Result sheets are downloadable below

Lough Derg RNLI’s volunteers were called upon to assist a lone sailor on a 36ft yacht aground at Bonaveen Point on Tuesday afternoon (11 October).

At 4.45pm the inshore lifeboat Jean Spier was launched with helm Steve Smyth, Eleanor Hooker and Richard Nolan on board, headed for the reported location at the northwestern shore of Lough Derg above Cloondavaun Bay. Winds were southerly Force 4/5 and gusting, with good visibility.

The lifeboat arrived on scene 20 minutes later at Fowler Island, north of Bonaveen Point on the Co Clare shore.

Two local people, in their lake boat standing off in safe water, came alongside the lifeboat and informed the volunteers it was they who called for assistance after they were unable to assist the person on board the yacht.

They expressed their concern for the skipper on the yacht, who had been aground for the three hours and who they could not safely take off under the conditions due to the casualty’s limited mobility. They had attempted an approach but damaged their propeller on rocks that extend 30 metres from Fowler Island into the lake.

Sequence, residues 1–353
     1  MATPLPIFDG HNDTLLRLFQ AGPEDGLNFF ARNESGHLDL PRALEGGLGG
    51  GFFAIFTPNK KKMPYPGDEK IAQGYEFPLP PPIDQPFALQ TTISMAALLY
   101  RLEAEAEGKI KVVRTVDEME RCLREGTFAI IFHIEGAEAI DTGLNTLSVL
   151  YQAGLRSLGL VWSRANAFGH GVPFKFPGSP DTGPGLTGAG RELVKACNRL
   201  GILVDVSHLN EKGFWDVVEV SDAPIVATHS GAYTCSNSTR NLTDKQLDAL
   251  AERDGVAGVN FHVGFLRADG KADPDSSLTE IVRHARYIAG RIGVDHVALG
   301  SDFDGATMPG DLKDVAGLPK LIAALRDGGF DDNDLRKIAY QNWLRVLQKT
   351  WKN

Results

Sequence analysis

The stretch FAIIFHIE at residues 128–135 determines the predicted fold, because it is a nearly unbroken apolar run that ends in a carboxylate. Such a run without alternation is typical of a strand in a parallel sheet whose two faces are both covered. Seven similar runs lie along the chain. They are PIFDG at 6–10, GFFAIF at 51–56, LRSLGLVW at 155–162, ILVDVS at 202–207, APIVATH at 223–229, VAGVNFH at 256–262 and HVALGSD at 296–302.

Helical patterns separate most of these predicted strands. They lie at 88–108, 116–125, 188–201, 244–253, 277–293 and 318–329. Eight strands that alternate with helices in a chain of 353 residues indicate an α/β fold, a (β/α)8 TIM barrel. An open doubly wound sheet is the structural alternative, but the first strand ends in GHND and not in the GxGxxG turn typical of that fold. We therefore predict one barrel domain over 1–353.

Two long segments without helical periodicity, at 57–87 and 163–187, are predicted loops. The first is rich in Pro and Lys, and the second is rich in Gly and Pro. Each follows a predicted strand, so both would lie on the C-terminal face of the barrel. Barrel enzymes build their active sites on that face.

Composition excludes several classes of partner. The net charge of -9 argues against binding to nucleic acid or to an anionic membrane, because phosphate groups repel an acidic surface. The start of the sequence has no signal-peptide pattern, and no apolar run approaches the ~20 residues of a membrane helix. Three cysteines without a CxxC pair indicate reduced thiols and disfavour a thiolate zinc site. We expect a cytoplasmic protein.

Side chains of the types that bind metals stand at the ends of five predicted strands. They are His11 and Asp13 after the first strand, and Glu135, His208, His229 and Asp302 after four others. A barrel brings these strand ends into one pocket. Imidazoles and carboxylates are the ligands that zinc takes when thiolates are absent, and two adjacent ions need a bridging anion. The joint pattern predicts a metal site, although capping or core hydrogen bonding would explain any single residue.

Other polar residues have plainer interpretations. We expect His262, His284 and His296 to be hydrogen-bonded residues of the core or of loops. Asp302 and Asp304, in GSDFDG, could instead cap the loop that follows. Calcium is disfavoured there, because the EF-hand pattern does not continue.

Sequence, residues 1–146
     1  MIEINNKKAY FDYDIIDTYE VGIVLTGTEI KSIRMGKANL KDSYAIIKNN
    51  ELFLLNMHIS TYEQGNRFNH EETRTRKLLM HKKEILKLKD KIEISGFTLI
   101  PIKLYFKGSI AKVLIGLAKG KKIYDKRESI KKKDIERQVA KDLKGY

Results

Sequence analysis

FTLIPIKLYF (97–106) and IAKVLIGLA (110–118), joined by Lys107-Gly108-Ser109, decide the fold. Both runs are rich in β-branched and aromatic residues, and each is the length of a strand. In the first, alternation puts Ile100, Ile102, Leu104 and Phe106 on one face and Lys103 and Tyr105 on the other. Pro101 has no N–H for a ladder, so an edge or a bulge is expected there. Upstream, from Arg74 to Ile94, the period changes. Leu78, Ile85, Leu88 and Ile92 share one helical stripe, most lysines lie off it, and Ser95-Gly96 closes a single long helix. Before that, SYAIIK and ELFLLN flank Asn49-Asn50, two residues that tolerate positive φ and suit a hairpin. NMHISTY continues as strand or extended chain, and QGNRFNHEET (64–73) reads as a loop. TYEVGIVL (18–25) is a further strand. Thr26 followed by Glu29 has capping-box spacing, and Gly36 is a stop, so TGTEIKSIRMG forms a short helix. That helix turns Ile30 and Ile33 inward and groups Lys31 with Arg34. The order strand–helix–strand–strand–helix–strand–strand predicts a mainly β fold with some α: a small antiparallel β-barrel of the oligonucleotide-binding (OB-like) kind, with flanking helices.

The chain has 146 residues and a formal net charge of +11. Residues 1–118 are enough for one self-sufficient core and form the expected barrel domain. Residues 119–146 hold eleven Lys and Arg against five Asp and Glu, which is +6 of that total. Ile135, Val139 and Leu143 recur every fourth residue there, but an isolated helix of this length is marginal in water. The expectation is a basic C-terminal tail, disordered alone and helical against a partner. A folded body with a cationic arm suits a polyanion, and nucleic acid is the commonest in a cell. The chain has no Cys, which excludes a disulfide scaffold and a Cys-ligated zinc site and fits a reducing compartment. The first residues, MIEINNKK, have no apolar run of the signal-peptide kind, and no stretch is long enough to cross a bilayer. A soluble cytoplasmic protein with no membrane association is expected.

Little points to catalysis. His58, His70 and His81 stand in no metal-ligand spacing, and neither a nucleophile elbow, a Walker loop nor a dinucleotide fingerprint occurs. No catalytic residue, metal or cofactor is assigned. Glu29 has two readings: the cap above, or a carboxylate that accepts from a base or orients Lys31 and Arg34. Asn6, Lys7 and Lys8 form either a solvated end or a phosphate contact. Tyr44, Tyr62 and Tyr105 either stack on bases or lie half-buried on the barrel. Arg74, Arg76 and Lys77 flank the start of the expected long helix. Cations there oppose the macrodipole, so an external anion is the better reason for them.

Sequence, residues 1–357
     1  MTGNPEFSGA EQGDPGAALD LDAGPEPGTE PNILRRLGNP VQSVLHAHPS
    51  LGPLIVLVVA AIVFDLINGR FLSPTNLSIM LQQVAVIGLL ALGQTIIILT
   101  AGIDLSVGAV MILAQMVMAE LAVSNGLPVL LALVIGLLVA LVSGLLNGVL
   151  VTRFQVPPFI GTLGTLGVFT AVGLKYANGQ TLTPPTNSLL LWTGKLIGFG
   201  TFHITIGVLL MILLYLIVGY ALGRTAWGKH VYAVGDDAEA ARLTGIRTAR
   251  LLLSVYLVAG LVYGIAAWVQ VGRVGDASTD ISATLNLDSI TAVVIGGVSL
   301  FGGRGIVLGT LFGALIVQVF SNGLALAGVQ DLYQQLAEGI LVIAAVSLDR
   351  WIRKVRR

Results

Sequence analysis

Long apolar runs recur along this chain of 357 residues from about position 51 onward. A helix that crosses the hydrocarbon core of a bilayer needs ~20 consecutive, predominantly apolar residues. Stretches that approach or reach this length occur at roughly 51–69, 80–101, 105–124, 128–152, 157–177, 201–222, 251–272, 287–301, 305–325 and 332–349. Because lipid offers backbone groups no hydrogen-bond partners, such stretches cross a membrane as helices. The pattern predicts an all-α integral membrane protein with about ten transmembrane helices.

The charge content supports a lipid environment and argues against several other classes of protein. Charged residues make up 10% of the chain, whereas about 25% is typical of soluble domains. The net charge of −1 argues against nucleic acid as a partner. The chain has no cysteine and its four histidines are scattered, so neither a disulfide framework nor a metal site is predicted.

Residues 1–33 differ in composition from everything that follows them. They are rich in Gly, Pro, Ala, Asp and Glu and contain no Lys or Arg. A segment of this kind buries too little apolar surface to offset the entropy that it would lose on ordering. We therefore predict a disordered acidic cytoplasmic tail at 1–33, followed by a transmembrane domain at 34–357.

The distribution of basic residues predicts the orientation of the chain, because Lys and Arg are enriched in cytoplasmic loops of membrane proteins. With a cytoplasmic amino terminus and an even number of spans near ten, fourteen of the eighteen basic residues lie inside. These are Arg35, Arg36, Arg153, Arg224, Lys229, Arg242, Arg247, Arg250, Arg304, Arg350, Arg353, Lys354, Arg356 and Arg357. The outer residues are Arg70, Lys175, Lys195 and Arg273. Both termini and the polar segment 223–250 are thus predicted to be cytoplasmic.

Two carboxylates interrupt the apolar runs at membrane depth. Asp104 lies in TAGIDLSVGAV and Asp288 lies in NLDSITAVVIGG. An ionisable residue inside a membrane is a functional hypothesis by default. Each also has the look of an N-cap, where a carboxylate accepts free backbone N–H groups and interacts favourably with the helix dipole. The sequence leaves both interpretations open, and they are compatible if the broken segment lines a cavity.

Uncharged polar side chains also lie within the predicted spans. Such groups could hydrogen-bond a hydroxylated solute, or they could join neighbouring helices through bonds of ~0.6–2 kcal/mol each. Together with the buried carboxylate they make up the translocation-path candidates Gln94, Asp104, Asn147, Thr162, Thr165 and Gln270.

Valentia Coast Guard offered an airlift for the casualty but the RNLI volunteers felt that would prove difficult due to the location and the height of the mast on the yacht.

Studying their lake charts and using their local knowledge, the lifeboat volunteers planned a route to the yacht with the intention to evacuate the casualty.

The helm requested the crew to take up positions in the bow, port and starboard, to take soundings and to report sightings of hazards in the water. Then the helm lifted one engine and skilfully navigated a course around rocks to the casualty vessel.